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February 7, 2019updated 12 Feb 2019 11:19am

Hotel booking sites reborn as ethical standard bearers

By GlobalData Travel & Tourism

An investigation into the online hotel booking sector may present an opportunity for booking sites to reposition themselves in an ethical light.

Hotel booking sites and the CMA

The UK regulatory authorities will require hotel booking sites to change their misleading selling techniques, potentially decreasing their revenues but hopefully earning improved consumer trust in the process.

A probe was launched 14 months ago after concerns were raised regarding pressure selling, obscure discount claims and hidden charges.

Clean-up operation

Expedia, Trivago, Hotels.com and eBookers – brands owned by the Expedia Group – as well as Booking.com and Agoda, both run by Booking Holdings, were investigated by the UK’s consumer protection regulator, the Competition and Markets Authority (CMA).

Andrew Tyrie, Chairman of the CMA, described the sales strategies as “wholly unacceptable” and described the result as “a victory for UK holidaymakers”.

A requirement to improve transparency by revealing hidden charges and to provide true indications of a rented room’s popularity were emphasized in the agreed terms.

The affected companies also agreed to halt using ambiguous price comparisons – typically indicated with prices in strikethrough, or with terminology such as “% off”. The use of evasive price comparisons has also been blocked.

Although these techniques are not illegal they have the potential to tarnish reputations. Given that many consumers trust leading booking websites, the leading players must respond positively or risk losing extensive return trade.

The ripple effect in business

The significance of these changes may even cause ripples beyond the tourism sector into the retail sector, forever altering how companies can market their products and services.

The expectation is that loopholes, such as the ones used by hotel booking companies, will close contributing to improved transparency for consumers.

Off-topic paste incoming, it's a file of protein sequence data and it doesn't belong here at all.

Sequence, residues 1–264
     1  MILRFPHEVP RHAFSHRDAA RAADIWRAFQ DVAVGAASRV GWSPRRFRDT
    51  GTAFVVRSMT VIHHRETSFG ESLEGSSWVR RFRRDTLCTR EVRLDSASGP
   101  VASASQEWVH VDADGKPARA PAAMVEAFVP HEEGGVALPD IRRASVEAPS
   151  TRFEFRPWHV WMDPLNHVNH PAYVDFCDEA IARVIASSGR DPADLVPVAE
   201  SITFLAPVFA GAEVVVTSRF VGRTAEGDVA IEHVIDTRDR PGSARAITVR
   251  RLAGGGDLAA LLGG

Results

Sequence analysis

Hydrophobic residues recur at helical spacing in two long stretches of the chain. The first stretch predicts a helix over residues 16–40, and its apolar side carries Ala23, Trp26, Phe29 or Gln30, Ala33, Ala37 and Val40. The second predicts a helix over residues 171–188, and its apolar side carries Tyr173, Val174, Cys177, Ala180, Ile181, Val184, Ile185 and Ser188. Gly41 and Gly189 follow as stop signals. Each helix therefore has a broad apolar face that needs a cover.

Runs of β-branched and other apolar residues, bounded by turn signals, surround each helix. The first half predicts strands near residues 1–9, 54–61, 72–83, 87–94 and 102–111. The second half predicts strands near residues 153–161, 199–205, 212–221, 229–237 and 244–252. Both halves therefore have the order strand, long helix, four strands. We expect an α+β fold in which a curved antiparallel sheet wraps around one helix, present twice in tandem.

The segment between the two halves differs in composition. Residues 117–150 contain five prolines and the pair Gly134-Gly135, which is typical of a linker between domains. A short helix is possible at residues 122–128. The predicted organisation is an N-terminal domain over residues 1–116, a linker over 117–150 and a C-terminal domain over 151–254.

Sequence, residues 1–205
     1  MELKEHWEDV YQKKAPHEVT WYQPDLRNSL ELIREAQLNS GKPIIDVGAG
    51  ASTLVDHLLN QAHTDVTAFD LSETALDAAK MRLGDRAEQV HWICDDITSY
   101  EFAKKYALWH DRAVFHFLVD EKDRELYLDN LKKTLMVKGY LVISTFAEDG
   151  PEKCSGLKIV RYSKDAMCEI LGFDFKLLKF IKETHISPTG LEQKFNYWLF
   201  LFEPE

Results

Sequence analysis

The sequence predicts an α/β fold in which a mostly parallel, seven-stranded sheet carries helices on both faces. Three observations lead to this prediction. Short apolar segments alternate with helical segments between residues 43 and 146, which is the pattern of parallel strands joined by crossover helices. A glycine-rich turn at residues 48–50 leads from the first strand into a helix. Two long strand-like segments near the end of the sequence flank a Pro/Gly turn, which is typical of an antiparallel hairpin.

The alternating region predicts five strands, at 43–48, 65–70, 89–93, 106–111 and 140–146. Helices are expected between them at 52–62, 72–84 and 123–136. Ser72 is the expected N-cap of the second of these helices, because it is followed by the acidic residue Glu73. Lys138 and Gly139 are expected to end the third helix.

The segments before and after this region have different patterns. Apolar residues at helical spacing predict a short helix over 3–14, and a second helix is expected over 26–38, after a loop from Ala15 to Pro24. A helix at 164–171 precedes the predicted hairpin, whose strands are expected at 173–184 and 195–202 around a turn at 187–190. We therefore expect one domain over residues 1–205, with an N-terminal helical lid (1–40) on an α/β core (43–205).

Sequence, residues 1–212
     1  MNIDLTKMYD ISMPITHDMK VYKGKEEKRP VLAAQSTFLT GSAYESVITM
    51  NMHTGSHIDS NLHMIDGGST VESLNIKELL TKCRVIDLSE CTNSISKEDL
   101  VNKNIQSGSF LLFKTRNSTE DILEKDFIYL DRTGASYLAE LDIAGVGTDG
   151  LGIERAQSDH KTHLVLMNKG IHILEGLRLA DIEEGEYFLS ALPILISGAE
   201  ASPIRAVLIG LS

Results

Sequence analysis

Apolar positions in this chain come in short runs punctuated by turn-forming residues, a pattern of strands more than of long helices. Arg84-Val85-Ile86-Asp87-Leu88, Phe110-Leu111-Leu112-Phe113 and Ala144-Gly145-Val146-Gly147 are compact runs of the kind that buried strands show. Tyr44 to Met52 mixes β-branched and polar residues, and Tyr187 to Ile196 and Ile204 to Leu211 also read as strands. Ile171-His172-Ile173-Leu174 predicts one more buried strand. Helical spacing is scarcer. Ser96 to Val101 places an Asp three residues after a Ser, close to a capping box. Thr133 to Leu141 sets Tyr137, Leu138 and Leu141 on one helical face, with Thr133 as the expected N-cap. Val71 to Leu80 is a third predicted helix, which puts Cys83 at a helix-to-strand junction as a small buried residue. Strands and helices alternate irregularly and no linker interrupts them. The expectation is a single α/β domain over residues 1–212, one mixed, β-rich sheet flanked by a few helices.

It is expected that the effects will not just impact these companies. Blue-chip companies in the tourism sector will have to review their selling techniques to evade CMA probes. Online travel agencies, search engines and hotel groups are examples of industry players who will have to meet these requirements.

All companies co-operating in the investigation agreed: “to ensure that consumers are not misled about the amount they will have to pay and that wherever a price is displayed the total price is displayed”.

Expedia: turning a negative into a positive

Comments from the booking sites regarding the investigation results have been optimistic. In a statement, Expedia said it had: “invested significant time and energy into working closely with the CMA to create a helpful industry standard for all UK booking sites offering accommodation search and booking services”.

Evidently, Expedia has used the investigation as an opportunity to position their brand in a more ethical light as campaigners for a standard that all UK booking sites should aspire. This is a smart response which will re-gain and increase consumer trust.

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